View Full Version : lever shock oil

02-21-2007, 01:59 PM
I couldn't find anything in the Bently or Haynes manuals about what kind or how much oil to put in the rear lever shocks (TR6).

As all ways, any advice is welcome.

Mickey Richaud
02-21-2007, 02:00 PM
Not sure of the amount, but I used motorcycle fork oil, at the recommendation from this Forum a while back. Working fine so far.


02-21-2007, 02:04 PM
I got Harley oil fo mine

02-21-2007, 02:17 PM
I got Harley oil fo mine

Oh I can't use that. My house is Harley free.

Andrew Mace
02-21-2007, 02:39 PM
"How much" actually is rather simple, and rather like filling the gearbox or differential: when it runs back out where you're filling it, it's full.

02-21-2007, 02:40 PM
It's easy to tell how much oil is needed, just put the shock vertically in a vise to old it and unscrew the filler plug on the front side. Fill until oil overflows. This leaves a small airspace at the top.

I also have used motorcycle fork oils. Other non-detergent oils might work fine too. One problem with fork oil is that there doesn't seem to be much consistency of viscosity ratings from one brand to the next. One brand's 20W fork oil might feel about the same as another brand's 40W and a third brand might just call it "heavy duty" and not list a viscosity rating at all.

I think the original Armstrong oil is about a 15 or 20W. Moss sells something that seems about this weight, just from feeling it because it also doesn't show a viscosity rating on the label. Some folks like to use a moderately heavier oil, say 30 or 40W (or a blend to make approx. 35W), for stiffer shock action. In extreme cases I've heard of using 50W racing motor oil in the shocks, but that sounds awfully heavy to me.

Another way to modify the shock's performance is to replace the dampening valves. On TR4 (and I presume on later TRs since they are close to the same weight), one common mod in the past was to use valves taken from lever shocks on the front of MGBs. These uprate the shocks approx. 25%, I've heard (haven't done it yet, myself). There is an article somewhere on the internet about other possible modifications to the shocks.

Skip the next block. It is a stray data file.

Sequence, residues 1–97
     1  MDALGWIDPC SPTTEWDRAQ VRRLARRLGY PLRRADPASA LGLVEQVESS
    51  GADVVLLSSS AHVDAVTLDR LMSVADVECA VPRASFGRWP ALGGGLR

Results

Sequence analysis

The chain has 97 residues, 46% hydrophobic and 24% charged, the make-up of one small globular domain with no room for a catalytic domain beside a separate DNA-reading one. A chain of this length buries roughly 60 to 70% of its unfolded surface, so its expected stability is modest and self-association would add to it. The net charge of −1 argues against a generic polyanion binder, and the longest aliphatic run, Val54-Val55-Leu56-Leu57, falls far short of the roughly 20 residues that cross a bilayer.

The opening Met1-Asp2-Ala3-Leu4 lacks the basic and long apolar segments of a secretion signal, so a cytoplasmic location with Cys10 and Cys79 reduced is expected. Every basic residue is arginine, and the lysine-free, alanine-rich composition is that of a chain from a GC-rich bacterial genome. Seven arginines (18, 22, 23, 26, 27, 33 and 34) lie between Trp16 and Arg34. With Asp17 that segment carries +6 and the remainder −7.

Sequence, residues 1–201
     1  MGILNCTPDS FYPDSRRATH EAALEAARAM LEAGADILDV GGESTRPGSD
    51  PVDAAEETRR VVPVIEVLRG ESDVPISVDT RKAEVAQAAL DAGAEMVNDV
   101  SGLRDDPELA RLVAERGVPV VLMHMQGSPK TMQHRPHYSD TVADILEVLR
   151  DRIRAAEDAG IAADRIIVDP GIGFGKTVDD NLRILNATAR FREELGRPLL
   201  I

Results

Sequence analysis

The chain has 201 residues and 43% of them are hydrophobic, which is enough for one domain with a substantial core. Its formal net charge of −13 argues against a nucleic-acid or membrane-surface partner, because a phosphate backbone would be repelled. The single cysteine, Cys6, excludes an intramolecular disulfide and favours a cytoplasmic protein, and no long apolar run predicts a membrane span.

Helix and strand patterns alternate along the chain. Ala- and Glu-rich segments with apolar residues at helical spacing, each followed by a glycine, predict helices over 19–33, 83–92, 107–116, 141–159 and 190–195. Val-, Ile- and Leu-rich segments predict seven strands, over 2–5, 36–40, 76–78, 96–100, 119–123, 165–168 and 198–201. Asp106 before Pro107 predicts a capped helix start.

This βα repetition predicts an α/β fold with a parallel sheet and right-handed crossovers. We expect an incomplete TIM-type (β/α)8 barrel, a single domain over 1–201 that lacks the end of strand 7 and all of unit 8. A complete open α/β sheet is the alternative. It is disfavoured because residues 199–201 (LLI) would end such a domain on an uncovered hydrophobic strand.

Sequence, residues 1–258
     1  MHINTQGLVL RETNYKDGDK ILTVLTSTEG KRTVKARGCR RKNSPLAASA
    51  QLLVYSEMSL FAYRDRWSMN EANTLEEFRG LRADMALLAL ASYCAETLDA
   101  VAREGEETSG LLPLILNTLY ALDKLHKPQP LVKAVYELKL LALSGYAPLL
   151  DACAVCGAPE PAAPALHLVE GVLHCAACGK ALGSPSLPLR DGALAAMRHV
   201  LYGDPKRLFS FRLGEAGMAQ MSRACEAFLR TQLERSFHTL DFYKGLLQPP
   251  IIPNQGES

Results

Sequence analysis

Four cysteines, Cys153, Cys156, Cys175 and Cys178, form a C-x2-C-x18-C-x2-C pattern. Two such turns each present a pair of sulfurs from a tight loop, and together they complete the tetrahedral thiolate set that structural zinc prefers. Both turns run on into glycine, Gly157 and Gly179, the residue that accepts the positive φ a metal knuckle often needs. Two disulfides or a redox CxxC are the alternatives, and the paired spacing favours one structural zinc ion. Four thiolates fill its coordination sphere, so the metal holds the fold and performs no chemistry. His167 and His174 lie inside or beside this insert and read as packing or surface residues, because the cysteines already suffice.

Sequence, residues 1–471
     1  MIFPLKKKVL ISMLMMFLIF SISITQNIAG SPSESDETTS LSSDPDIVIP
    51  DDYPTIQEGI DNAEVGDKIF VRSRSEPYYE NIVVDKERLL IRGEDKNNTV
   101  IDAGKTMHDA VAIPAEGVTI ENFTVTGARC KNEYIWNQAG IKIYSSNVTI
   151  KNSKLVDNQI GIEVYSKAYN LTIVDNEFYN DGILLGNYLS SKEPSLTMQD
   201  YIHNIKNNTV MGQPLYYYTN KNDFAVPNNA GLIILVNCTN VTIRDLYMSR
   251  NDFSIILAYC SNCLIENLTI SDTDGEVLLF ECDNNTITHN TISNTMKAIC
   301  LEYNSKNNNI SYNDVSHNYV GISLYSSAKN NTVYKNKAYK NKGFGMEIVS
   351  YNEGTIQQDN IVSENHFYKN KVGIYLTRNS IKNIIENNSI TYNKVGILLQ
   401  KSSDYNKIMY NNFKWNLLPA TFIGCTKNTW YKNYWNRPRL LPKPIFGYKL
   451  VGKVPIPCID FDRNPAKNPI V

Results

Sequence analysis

While its still in the vise, operate the shock lever by hand a number of times to be sure all the air is out of the valve mechanism. It should feel sort of "gravelly" at first, then get smoother and smoother operating. Finally, the shock should give nice even resistance both directions, smoothly and without any roughness in the stroke.

If you feel any uneveness or roughness, the shock might need to be rebuilt. You can try carefully removing the valve mechanism at the bottom (the large nut) and cleaning it before sending it off for a rebuild, though. It could just be something trapped in the valve that's preventing it from operating. Be very careful, though. There are springs in there and it want to fly apart as you remove it. Also note the parts sequence, it all has to be reassembled in a specific order for the valve to work properly, too.

02-21-2007, 02:42 PM
Thanks for the info. THat is a big help

02-21-2007, 05:05 PM
The shocks are fairly easy to pull apart
and refurbish. Pull the bottom plug and
let the old oil drain overnight.

I used 15W fork oil and filled each shock,
worked the lever until the air came out and
I got an even, smooth stroke.

Then I drained it again overnight and refilled
it in the morning. I left about a 3/8 to 1/2"
air space below the filler plug.